Symbolic exhibition uses an analogy . . . in which judgment performs a double function: first it applies the concept to the object of a sensible intuition; and then it applies the mere rule by which it reflects on that intuition to an entirely different object, of which the formal object is only a symbol. Thus a monarchy ruled according to its own constitutional laws would be presented as an animate body, but a monarchy ruled by an individual absolute will would be presented as a mere machine (such as a hand mill); but in either case the presentation is only symbolic. For though there is no similarity between a despotic state and a hand mill, there certainly is one between the rules by which we reflect on the two and on how they operate. This function has not been analyzed much so far, even though it very much deserves fuller investigation; but this is not the place to pursue it. Our language is replete with such indirect exhibitions according to an analogy, where the expression does not contain the actual schema for the concept but contains merely a symbol for our reflection. Thus the words foundation (support, basis), to depend (to be held from above), to flow (instead of to follow) from something, substance (the support of accidents, as Locke puts it), and countless others are not schematic but symbolic hypotyposes; they express concepts not by means of a direct intuition but only according to an analogy with one, i.e., a transfer of our reflection on an object of intuition to an entirely different concept, to which perhaps no intuition can ever directly correspond.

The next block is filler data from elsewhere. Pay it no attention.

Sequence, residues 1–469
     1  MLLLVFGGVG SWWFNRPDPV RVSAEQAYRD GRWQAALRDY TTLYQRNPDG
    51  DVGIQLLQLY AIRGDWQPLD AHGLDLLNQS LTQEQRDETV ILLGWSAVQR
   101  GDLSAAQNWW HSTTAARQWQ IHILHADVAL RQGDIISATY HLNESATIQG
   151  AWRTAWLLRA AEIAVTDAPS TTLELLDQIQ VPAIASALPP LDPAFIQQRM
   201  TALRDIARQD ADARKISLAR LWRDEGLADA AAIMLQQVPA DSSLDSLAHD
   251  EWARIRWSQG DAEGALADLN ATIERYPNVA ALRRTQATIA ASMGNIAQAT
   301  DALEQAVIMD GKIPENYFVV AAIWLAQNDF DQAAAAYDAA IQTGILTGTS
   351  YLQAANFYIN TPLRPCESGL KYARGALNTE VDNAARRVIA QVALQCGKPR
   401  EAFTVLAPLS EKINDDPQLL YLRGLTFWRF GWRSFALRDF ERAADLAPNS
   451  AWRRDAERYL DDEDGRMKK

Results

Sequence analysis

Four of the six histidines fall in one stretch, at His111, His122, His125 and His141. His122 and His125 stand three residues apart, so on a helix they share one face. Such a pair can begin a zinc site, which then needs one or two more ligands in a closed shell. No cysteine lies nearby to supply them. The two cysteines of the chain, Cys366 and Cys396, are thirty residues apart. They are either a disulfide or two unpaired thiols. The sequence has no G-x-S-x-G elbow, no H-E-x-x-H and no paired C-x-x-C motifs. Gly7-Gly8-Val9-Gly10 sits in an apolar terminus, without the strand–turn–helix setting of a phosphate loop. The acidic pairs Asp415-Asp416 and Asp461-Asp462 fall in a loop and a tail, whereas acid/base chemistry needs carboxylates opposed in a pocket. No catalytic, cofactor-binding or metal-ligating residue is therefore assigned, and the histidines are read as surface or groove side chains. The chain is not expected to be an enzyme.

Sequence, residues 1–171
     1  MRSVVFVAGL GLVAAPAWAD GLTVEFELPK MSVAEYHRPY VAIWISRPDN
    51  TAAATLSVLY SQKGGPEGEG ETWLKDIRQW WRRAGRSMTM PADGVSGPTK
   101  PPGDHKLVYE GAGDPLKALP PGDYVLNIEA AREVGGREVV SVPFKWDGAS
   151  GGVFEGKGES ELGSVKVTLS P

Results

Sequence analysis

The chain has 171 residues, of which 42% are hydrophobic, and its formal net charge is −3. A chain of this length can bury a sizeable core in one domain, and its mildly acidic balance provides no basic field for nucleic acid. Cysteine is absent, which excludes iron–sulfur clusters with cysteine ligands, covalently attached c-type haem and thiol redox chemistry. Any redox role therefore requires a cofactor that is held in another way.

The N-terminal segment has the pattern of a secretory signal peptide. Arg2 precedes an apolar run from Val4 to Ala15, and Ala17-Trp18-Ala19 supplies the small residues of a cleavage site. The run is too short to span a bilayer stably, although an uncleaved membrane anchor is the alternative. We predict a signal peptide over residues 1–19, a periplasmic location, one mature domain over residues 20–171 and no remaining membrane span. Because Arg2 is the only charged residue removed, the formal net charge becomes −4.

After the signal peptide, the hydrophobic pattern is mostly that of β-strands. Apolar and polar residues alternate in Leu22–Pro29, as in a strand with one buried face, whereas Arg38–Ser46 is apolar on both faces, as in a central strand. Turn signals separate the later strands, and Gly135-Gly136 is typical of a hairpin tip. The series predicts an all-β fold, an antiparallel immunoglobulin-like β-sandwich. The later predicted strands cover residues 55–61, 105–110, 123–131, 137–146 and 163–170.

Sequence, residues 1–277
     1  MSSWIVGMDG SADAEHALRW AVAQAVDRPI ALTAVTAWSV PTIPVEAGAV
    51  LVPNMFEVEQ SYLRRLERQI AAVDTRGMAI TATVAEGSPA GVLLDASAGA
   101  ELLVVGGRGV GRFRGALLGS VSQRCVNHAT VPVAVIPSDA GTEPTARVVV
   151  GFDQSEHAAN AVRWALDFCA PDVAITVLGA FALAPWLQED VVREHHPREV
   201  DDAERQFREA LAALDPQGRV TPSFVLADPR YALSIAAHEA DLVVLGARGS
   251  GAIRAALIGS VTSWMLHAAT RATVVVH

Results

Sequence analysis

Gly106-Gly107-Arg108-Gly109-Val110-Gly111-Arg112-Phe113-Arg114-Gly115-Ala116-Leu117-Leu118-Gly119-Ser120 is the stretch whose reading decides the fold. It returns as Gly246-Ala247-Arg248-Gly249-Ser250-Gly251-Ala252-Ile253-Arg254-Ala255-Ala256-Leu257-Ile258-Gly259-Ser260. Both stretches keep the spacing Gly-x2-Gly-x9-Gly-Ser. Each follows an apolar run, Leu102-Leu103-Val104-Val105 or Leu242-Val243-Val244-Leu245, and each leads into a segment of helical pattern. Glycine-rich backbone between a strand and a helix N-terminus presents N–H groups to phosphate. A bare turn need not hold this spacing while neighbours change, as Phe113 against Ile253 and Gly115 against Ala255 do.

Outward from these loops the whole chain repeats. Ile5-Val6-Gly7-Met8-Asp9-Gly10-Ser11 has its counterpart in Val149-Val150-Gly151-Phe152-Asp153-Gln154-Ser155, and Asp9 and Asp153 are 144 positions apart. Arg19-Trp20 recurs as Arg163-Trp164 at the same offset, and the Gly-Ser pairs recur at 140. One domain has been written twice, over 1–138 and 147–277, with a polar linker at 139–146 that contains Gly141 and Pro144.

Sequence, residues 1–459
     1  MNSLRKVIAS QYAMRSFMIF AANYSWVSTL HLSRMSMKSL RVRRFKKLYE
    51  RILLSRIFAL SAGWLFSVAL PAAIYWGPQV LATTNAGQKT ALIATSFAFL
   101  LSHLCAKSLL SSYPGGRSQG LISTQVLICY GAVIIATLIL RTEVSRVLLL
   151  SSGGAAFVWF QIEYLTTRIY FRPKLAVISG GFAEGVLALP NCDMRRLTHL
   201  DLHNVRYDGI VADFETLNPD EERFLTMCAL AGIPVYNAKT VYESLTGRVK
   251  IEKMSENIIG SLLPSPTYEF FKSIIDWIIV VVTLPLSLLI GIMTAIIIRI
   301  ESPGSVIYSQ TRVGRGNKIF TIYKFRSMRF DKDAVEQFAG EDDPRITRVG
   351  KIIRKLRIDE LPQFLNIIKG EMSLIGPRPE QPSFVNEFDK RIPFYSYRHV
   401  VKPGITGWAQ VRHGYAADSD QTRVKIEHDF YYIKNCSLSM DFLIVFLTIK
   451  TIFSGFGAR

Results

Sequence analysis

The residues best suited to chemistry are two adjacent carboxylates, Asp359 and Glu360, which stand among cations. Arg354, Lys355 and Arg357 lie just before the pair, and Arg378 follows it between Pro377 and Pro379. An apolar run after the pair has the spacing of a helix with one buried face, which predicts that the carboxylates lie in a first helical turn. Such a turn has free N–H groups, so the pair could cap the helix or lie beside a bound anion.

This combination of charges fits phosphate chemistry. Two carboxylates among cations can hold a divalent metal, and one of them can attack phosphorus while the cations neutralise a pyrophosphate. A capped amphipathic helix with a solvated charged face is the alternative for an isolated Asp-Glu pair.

[einer Analogie . . . in welcher die Urtheilskraft ein doppeltes Geschäft verrichtet, erstlich den Begriff auf den Gegenstand einer sinnlichen Anschauung[,] und dann zweitens die bloße Regel der Reflexion über jene Anschauung auf einen ganz andern Gegenstand, von dem der erstere nur das Symbol ist, anzuwenden. So wird ein monarchischer Staat durch einen beseelten Körper, wenn er nach inneren Volksgesetzen, durch eine bloße Maschine aber, (wie etwa eine Handmühle) wenn er durch einen einzelnen absoluten Willen beherrscht wird, in beiden Fällen aber nur symbolisch vorgestellt. Denn, zwischen einem despotischen Staate und einer Handmühle ist zwar keine Unlichkeit, wohl aber zwischen der Regel über beide und ihre Causalität zu reflectiren. Dies Geschäft ist bis jetzt noch wenig auseinandergesetzt worden, so sehr es auch eine tiefere Untersuchung verdient; allein hier ist nicht der Ort sich dabei aufzuhalten. Unsere Sprache ist voll von dergleichen indirecten Darstellungen, nach einer Analogie, wodurch der Unsbruck nicht das eigentliche Schema für den Begriff, sondern bloß ein Symbol für die Reflexion enthält. So sind die Wörter Grund (Stütze, Basis), Abhängen (von oben gehalten werden), woraus fließen (statt folgen), Substanz (wie Locke sich ausdrückt: der Träger der Accidenzen) [,] und unzählige andere nicht schematische, sondern symbolische Hypotyposen[,] und Ausdrücke fürBegriffe nicht vermittelst einer directen Anschauung, sondern nur nach einer Analogie mit derselben, d.i. der Übertragung der Reflexion über einen Gegenstand der Anschauung auf einen ganz andern Begriff, dem vielleicht nie eine Anschauung direct correspondiren kann.]